Researchers say gene expression patterns may help determine time of death.

A new paper has found that changes in gene expression in different tissues triggered by death can be used to predict the time of death of an individual.

The study suggests that by analysing a few readily available tissues (for example, lung or skin tissue), the post-mortem interval (time elapsed since death) can be accurately determined and may have implications for forensic analyses.

To understand the tissue-specific changes to gene expression following the death of a person, researchers studied RNA-sequencing data of 36 different tissues from the GTEx project; a biorepository that collects human post-mortem tissue samples.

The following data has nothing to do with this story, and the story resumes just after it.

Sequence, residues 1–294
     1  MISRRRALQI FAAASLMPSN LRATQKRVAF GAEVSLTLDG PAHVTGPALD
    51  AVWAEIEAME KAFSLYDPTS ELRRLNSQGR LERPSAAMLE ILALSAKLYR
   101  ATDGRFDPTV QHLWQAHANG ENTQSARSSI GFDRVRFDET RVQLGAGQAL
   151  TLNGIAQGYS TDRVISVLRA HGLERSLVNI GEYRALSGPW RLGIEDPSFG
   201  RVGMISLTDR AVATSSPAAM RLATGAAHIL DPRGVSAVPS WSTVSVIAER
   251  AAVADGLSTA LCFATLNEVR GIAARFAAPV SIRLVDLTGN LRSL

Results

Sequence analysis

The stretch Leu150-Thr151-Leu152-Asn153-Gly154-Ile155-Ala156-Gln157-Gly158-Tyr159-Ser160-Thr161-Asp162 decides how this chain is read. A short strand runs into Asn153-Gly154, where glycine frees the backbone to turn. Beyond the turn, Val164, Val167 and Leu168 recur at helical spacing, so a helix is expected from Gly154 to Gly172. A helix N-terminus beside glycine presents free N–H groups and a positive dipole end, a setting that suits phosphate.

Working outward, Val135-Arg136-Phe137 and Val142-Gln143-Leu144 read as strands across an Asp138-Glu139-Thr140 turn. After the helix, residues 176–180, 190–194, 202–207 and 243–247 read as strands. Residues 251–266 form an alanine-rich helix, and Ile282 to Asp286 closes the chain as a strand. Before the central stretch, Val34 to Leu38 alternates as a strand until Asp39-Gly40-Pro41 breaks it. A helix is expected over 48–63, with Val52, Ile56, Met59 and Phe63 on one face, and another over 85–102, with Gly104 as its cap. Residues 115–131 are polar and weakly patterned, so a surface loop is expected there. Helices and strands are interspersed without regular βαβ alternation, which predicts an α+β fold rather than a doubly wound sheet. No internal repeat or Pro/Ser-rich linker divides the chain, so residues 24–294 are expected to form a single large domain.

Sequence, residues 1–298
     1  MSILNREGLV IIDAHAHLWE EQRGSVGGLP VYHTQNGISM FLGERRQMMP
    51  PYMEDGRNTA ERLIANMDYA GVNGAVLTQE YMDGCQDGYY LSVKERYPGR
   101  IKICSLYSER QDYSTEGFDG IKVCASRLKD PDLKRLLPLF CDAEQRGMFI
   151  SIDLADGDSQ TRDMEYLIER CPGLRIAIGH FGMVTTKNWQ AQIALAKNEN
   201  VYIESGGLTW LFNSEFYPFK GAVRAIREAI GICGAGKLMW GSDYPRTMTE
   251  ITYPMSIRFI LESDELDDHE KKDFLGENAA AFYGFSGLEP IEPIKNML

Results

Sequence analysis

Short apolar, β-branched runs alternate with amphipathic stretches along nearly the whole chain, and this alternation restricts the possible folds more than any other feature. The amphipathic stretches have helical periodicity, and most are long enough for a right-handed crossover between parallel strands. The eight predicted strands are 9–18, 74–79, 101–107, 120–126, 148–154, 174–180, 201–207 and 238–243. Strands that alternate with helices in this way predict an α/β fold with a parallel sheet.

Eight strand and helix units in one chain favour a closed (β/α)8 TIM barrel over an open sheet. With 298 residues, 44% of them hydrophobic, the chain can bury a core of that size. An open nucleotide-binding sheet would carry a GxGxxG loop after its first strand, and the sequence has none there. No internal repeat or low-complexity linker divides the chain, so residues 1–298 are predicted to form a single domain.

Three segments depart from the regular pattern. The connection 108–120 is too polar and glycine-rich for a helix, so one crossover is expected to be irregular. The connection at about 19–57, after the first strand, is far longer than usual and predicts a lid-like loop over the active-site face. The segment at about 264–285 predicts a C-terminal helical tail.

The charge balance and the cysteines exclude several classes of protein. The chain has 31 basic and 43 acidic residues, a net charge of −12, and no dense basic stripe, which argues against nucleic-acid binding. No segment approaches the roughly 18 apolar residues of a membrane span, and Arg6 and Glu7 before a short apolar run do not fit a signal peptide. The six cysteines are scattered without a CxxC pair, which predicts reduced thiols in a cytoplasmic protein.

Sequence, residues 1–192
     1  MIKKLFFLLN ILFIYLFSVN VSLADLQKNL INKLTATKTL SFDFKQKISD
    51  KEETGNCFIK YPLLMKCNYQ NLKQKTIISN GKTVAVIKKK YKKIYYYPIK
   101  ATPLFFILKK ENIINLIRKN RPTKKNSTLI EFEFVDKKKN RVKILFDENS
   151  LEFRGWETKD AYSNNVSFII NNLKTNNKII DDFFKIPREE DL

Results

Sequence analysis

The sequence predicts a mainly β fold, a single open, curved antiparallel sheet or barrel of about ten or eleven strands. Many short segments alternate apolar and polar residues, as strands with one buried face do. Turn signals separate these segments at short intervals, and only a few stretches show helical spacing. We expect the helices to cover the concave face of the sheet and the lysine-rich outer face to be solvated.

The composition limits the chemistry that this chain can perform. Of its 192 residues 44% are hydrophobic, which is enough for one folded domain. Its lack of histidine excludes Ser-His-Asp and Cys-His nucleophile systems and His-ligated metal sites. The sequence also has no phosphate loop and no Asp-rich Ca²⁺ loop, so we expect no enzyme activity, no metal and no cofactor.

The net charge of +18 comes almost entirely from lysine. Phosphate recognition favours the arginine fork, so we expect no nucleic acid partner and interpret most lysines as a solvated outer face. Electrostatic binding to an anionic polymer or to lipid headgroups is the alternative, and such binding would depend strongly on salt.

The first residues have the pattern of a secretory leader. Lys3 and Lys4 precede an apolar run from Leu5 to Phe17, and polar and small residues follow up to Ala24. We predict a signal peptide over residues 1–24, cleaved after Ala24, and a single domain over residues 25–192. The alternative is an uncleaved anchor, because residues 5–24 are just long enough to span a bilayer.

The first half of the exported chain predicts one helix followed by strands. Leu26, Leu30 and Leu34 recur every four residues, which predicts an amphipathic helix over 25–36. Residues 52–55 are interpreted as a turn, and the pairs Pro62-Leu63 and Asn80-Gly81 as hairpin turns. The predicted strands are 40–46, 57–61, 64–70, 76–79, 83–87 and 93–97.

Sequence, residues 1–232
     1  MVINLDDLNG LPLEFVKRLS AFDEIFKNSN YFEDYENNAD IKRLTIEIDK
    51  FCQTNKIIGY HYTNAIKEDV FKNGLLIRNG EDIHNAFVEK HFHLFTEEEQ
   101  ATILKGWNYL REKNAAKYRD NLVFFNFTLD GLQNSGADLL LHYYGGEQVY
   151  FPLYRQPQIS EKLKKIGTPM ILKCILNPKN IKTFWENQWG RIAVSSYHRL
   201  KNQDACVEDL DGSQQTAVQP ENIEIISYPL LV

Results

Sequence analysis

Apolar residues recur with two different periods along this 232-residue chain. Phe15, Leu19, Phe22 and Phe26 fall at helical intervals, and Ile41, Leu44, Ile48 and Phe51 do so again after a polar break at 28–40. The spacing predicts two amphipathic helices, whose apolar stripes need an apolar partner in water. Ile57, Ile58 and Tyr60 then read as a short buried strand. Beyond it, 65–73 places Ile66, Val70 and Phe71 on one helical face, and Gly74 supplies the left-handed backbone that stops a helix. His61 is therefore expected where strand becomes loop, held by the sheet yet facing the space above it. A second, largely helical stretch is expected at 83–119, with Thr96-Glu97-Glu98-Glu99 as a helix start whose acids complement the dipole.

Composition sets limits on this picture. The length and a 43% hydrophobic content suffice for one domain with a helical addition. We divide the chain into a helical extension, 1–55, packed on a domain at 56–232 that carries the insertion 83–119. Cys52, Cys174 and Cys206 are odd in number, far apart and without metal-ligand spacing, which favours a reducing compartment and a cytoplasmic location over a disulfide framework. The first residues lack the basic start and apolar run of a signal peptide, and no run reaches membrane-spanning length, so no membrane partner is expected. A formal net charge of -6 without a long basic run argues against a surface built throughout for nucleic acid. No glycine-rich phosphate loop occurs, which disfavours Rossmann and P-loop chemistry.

They show that the time since death has an effect on gene expression and that this effect varies from tissue to tissue.

The authors were able to develop a model to predict the post-mortem interval based on these tissue-specific gene expression changes, which could complement improve methods currently employed.

They even came up with an optimised model to make it applicable to a forensics scenario, in which only a few tissues are likely to be available, and devise a protocol for the potential implementation in forensic pathology.

The study is accessible here.